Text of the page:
Why do movies like “American Psycho,” “Scarface” or “Joker” scare us? A combination of media hype and our own fears make the vile characters at the center of these movies seem like real people and real threats.
Though movies and television with evil protagonists may have a basis in reality, it is the news media and our own projection of those evil traits onto real people that creates tangible fear.
This kind of projection can have serious consequences. Recently, the release of the movie “Joker” has stirred up controversy and fear. The movie centers on an ostracized, mentally ill white male: the perfect profile of a mass shooter.
The discussion about why people commit this kind of violence is hurt by this projection because it enables us to point at one specific demographic as the villains rather than addressing the actual issue of mental health and isolation.
There is a culture of white men who are resentful of society because they feel neglected, and in some cases they do lash out, but categorizing people in this way only leads to further alienation and anger.
A report published by the Journal of Social and Political Psychology analyzed the effect media has on public opinion and found that repeated media messages and the absence of a presented alternative affect public opinion and individual behavior. This shows that the effects of media on public opinion are so strong that they have already been documented, and yet we seem unable to shake their impact.
The same phenomenon was discussed by sociologist Stanley Cohen in a study he published in 1972 titled Folk Devils and Moral Panic. Cohen theorized that when media reports on supposed deviant behavior, they simplify reality to create a distinct evil.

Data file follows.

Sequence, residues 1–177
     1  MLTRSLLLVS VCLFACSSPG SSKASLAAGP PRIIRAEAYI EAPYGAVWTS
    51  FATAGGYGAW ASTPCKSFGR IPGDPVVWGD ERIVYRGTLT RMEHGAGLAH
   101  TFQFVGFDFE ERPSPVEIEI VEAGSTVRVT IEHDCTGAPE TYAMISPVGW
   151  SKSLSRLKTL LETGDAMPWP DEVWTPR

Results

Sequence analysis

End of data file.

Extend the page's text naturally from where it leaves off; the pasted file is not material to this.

This is exactly where the danger lies. Forming an opinion based on a fictional story leads to prejudice and a simplified vision of certain groups of people.
Even though we consume movies and TV with knowledge that they are fictional, it is hard to separate fantasy from reality when we see themes from entertainment mirrored in real life.
The Vox media network The Verge published a review of the “Joker” movie in which journalist Tasha Robinson writes:
“But to viewers who feel as abused and overlooked as Arthur Fleck, or even who harbor smaller, more rational resentments about society, Joker is a deliberate and fine-tuned provocation and promise: you aren’t alone, the people you hate really are awful, and it would be okay to act against them in any way you want.”
News organizations need to take responsibility for the potential impact they have on public opinion.
Films are art that may reflect aspects of the real world, but that is all they should be: art. No movie or TV show is giving you the go-ahead to be violent, no matter how much it may seem that way. No character in a movie or TV show is a fully accurate representation of a real person.
When we demonize a certain demographic or individual, we take away their ability to be anything but what we think, and we slow social progress.
I ask that we all reflect on the things we watch and read and listen to so we can be critical consumers of entertainment not so easily swayed.